The Melbourne-based Trio Anima Mundi was formed in 2008 and this is its debut album. Its programme has been drawn from its first four themed seasons of concerts: Hurlstone from an English music feature, d’Ollone from a clutch of Prix de Rome prizewinners, Wirén from a ‘Nordic Lights’ series and Hyde from ‘Visions of Femininity’.
The best piece comes first: the soaring cello melody opening William Hurlstone’s Piano Trio in G launches a movement as memorable and perfectly proportioned as anything by Brahms. Its side-slipping modulations may remind you of Dohnányi, without the last ounce of that master’s sly humour, while the scherzo – the next best movement – recalls Dvorak quite as much as the booklet’s suggestion of Schubert. The finale, earnestly throwing a fugato into the mix, opens and stays in the tonic minor, just as does the Mendelssohn ‘Italian’. Hurlstone (1876-1906) was one of the few composition pupils unreservedly admired by the rarely satisfied Stanford: his early death (after a lifetime plagued by ill-health) was mourned far and wide. He composed much, nevertheless: both the listed all-Hurlstone rival versions offer the Piano Quartet, the two-disc Lyrita also the Piano Concerto. The catalogue also sports multiple versions of works for clarinet and bassoon with piano. The new Trio performance is excellent and persuasive, it at times rhythmically unyielding; the spacious recording makes the strings sound less edgy than the rival versions, particularly the close-miked Tunnells. Anima Mundi pianist Kenji Fujimura, here and throughout, throws off the requisite cascades of notes with due panache, albeit with some unrelieved fortes (particularly in sequences of accents) in places where Dussek and Tunnell find more sensitive shaping.
Miriam Hyde’s Fantasy Trio completes a short first disc. Adelaide-born Hyde (1913-2005) studied at the Royal College of Music for three years with Gordon Jacob and compatriot Arthur Benjamin, finding time to appear as soloist in the premiere of her own two piano concertos and – inspired by the influential Cobbett chamber-music Prize requirement (a one-movement, less-than-ten-minute Fantasy) to complete this trio in 1933. (She came second in the Cobbett the following year.) Trio artists looking for a short concert opener should note that purely as an an overture, this fervidly Franckian outpouring may not fill the bill. The booklet postulates the influence of Rachmaninov, slight here where discernible at all. The recapitulation seems severely truncated, distorting the overall proportion of an otherwise fine if unmemorable work.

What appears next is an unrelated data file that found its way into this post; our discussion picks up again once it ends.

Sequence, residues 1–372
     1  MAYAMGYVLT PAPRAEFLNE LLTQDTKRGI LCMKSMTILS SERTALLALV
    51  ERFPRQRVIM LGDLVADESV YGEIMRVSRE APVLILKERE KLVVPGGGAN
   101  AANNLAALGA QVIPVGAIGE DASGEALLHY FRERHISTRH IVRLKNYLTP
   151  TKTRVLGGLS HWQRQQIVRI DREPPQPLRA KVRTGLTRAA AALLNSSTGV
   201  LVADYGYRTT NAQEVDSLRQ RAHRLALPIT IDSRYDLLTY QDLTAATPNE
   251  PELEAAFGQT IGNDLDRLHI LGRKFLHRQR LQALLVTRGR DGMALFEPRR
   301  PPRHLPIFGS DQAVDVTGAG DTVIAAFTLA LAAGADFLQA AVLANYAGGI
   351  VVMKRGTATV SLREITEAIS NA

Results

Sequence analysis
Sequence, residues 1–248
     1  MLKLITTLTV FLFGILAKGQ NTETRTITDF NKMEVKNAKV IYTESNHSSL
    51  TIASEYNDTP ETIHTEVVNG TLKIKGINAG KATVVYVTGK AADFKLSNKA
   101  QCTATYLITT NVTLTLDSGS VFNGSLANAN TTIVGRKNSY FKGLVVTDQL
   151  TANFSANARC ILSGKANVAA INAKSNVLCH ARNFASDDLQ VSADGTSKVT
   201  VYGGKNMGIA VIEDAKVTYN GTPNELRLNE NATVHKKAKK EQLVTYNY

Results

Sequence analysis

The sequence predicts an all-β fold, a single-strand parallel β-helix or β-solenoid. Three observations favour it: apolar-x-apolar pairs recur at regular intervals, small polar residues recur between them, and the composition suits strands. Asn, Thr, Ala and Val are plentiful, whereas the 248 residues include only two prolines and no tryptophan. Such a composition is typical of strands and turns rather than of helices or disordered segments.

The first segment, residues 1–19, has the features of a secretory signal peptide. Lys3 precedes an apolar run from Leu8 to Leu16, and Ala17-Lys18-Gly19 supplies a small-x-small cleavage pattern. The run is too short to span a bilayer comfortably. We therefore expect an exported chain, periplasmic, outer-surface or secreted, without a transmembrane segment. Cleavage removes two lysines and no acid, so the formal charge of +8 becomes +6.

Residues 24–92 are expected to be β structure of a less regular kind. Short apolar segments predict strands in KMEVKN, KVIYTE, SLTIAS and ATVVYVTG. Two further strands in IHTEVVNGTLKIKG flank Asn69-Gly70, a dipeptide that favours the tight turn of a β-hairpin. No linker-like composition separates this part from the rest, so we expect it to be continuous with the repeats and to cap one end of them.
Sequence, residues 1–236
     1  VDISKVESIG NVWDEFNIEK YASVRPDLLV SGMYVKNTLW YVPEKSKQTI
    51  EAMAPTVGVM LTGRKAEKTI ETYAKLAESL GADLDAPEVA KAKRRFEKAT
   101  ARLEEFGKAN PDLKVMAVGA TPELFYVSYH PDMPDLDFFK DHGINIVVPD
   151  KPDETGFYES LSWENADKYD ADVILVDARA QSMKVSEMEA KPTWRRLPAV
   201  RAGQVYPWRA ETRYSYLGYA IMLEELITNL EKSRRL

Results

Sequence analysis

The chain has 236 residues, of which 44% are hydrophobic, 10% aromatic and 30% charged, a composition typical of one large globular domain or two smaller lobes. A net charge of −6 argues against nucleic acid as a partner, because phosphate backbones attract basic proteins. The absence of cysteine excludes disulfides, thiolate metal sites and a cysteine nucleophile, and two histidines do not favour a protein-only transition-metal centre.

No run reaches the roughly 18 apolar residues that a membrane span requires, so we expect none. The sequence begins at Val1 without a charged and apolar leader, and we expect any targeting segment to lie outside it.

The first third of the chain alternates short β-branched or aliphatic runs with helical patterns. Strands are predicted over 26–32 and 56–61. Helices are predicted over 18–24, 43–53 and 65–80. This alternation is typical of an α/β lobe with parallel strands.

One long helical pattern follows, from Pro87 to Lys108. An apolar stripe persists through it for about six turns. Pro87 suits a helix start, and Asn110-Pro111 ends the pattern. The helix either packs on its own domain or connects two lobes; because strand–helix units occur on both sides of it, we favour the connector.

The second disc opens with the full-scale (four-movements, 29-minutes) Trio in A minor by Prix de Rome prizewinner d’Ollone: full Christian name Maximilien-Paul-Marie-Felix, magnificent but prudently shortened (here as elsewhere) to Max. As with Hyde, Franck is a strong influence on the turbulent first movement; the exquisitely serene second recalls Faure. Rochelle Ughetti and Miranda Brockman seem reluctant at times to drop into the background, while Fujimura, fearlessly negotiating a bristling piano part up there with that of the Franck Violin Sonata, nevertheless makes a plain creature out of the Molto tranquillo theme from 3’36” embedded in the cascading figuration. I could imagine just this moment being better done, but there seem to be no rival CD versions anywhere. The scherzo flirts with whole-tone scales; the closing ‘Tarantella’ has a catchy chromatic ‘tag’ hut frustratingly stops just when you thought it would settle down to some serious development.
Dag Wirén, possibly the best-known composer here on account of his perennially fresh Serenade for strings, produced his concise First Trio (tour movements, 15 minutes) in 1932. This too is a delight, though the ticking of composition-student boxes reaches its apogee in the finale, whose main theme (first heard in the opening movement and in constant attendance between times) is scrupulously augmented, inverted and – what’s the word? – stretto’d. Wirén later developed this cyclic-theme treatment into an official ‘metamorphosis technique’; meanwhile he liked this particular theme so much that he carried it – or its near-identical first cousin – into his next opus, the delectable and little-known Sinfonietta, Op. 7. Op. 6 is in a key ungrateful for strings, C sharp minor, provoking just one fleeting passage of discomfort in the finale. Elsewhere , and throughout, these performances form the most impressive of debuts, the Wirén even outclassing the more-effortful-all-round Stockholm players (on a nevertheless treasurable all-Wirén chamber disc).
Dropping the Hyde would have brought the total playing time to within the range of a single CD, but generously these two new discs are offered for the price of one. Those Trio Anima Mundi concert series included mouth-watering items by Ireland, Stanford, Theodore Dubois, Niels Gade, Louise Farrenc and Elfrida Andrée: I eagerly await their appearance on future albums, meanwhile strongly recommending this release to lovers of fine playing and unjustly neglected repertoire.
The first review for ‘Sappho, Shropshire & Super-Tramp’: “A potpourri of fascinating music. Both @SarahjaLeonard and @johnnyherford bring considerable skill, magic and understanding to this music.” (#MusicWeb) #artsong divineartrecords.com… pic.twitter.com/SMN5…
Turkish composer Mahir Certiz studied in the US, Turkey and UK, and received ‘the musician of the year award’ from the British Council. He now teaches at Columbia University in NY. mahircetiz.com
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